(London) – The Turkish Interior Ministry’s removal of three democratically elected mayors in the major municipalities of the Kurdish southeast and eastern regions blatantly violates the rights of voters and suspends local democracy, Human Rights Watch said today.
The Interior Ministry on August 19, 2019, removed the mayor of Diyarbakır, Adnan Selçuk Mızraklı; the mayor of Mardin, Ahmet Türk; and the mayor of Van, Bedia Özgökçe Ertan, accusing them of supporting terrorism. All three mayors are from the Peoples’ Democratic Party (HDP). The three mayors should be allowed to resume their posts immediately.
“President Erdogan’s government has effectively cancelled the results of the March local elections in the three main cities of the Kurdish southeast and east by removing voters’ chosen mayors, all valid candidates, and taking over these municipalities,” said Hugh Williamson, Europe and Central Asia director at Human Rights Watch. “Smearing the mayors by alleging vague links with terrorism to deprive the Kurdish population of their chosen representatives endangers everyone in Turkey who is committed to democratic elections, human rights, and the rule of law.”
The Interior Ministry justified substituting government-appointed provincial governors in each municipality because the mayors face investigations and legal proceedings under terrorism laws for their speeches and non-violent political activities. None have received a final conviction.
Abusive prosecutions and investigations for overly broad and vague terrorism offenses are widely used in Turkey to silence and arbitrarily detain government critics, journalists, human rights defenders, and opposition politicians, Human Rights Watch said.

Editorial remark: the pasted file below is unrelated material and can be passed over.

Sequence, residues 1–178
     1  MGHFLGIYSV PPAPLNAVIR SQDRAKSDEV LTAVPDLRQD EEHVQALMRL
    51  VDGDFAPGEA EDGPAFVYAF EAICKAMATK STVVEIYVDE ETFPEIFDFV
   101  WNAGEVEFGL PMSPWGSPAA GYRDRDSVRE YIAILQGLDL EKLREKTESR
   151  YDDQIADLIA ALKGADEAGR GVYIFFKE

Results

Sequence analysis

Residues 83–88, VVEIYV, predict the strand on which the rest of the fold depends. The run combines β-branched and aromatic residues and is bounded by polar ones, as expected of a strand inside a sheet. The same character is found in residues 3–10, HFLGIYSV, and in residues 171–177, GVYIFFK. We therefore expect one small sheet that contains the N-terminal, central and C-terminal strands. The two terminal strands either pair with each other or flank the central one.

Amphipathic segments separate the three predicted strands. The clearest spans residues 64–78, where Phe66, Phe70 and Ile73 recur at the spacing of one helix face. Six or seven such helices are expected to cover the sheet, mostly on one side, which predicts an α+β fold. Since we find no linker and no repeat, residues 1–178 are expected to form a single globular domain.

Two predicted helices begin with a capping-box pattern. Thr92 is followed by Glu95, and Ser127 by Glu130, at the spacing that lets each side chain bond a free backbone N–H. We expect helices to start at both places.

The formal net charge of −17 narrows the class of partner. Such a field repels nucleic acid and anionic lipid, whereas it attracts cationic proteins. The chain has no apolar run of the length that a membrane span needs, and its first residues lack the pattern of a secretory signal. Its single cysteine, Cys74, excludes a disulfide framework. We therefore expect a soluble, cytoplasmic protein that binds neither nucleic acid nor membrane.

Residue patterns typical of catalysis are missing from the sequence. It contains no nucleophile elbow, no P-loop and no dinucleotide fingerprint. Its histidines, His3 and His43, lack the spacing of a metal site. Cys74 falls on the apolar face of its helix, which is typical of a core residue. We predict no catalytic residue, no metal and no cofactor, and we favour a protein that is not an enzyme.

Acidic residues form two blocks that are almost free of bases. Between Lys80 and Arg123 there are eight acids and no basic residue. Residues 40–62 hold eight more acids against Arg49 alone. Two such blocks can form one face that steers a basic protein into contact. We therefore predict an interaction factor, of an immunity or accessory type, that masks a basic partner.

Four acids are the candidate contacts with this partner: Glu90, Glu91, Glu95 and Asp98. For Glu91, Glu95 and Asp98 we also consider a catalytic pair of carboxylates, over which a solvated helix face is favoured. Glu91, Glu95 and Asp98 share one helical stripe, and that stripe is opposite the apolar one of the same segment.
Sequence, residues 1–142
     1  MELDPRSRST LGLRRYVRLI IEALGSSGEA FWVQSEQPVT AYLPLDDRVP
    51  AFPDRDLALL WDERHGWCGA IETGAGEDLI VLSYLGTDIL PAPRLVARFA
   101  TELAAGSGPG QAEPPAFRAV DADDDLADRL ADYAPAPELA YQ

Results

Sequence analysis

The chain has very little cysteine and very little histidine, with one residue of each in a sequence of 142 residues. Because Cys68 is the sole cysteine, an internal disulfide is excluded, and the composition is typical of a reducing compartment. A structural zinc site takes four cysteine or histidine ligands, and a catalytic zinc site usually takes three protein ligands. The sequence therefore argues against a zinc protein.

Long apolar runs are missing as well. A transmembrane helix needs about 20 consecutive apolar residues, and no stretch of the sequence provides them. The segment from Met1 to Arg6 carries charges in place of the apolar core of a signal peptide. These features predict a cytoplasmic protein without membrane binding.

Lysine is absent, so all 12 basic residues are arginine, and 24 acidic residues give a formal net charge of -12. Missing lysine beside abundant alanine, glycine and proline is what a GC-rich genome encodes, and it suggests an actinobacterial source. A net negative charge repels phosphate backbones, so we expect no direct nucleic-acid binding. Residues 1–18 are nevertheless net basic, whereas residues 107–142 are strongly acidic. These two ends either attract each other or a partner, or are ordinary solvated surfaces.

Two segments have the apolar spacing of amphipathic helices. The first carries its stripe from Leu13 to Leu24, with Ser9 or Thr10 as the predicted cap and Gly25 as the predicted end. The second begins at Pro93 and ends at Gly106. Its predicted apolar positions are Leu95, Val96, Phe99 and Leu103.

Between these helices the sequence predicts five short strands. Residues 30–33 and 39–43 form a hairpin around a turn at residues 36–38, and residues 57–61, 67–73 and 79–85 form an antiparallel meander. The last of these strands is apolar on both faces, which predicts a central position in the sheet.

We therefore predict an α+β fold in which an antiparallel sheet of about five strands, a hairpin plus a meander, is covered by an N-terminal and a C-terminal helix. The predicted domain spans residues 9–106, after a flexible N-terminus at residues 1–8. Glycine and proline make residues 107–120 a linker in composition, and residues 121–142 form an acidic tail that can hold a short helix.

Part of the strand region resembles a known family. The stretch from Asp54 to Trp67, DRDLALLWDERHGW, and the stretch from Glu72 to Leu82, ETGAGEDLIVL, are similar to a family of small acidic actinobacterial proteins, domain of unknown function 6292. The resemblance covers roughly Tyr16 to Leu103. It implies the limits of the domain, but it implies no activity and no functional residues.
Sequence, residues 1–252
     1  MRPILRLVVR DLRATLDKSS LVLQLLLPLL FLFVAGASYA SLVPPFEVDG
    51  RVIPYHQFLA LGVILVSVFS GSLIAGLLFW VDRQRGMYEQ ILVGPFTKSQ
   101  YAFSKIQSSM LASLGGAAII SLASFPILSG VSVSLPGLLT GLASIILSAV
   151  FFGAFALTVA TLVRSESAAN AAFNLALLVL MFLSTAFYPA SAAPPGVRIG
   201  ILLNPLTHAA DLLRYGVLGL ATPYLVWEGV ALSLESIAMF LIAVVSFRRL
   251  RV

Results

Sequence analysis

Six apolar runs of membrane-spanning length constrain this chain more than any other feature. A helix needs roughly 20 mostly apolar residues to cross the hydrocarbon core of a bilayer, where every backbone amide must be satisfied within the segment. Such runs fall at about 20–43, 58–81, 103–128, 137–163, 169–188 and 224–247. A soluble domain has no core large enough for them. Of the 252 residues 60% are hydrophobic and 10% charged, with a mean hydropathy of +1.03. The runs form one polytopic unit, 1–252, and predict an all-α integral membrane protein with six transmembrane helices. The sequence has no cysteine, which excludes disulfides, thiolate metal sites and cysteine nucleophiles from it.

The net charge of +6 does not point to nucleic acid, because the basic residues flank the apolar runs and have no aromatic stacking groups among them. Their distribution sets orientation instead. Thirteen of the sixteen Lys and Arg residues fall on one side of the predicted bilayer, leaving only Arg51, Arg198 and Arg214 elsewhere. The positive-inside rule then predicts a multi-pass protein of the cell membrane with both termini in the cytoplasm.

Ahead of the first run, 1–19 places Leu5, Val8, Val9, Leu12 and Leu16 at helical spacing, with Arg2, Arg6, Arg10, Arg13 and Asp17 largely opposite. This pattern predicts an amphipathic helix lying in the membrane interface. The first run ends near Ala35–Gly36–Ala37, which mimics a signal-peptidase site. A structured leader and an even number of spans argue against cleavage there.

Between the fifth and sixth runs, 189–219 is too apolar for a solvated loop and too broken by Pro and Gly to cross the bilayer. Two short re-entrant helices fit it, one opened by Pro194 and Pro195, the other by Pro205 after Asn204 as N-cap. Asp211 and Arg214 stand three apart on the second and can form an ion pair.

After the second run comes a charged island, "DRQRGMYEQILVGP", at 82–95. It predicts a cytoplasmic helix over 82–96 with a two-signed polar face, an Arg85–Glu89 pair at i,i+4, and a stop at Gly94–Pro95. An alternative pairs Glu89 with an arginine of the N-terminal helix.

The European Court of Human Rights has harshly criticized Turkey for its actions in pursuing baseless terrorism charges against elected members of parliament. In one example, the unlawful detention of Selahattin Demirtaş, former co-chair and HDP member of parliament, the court found in 2018 that his detention “pursued the predominant ulterior purpose of stifling pluralism and limiting freedom of political debate, which is at the very core of the concept of a democratic society.”
The three mayors won their seats in the March 31 local election, with Mızraklı winning 63 percent of the vote, Türk 56 percent, and Özgökçe Ertan 53 percent. It is the second time that elected mayors in the southeastern part of the country have been removed from office and replaced with Ankara appointees.
In September 2016, the Law on Municipalities was changed under a state of emergency decree to facilitate the removal of mayors accused of terrorism links and their substitution with provincial governors. Ninety-four mayors from the pro-Kurdish Democratic Regions Party (DBP) were subsequently removed, and many were held in prolonged pretrial detention. Turk, a veteran Kurdish politician, was previously stripped of office as elected mayor of the Mardin greater municipality under that decree and arrested in November 2016. President Recep Tayyip Erdoğan made a speech in February, in advance of the March elections, in which he stated that mayors found to be linked with terrorism could be removed once again.
These moves by Erdoğan’s government against democratically elected officials violate Turkey’s obligations under international and regional human rights law, Human Rights Watch said. The moves violate the right to political participation, the right to free elections, and the right to freedom of expression under the International Covenant on Civil and Political Rights and the European Convention on Human Rights.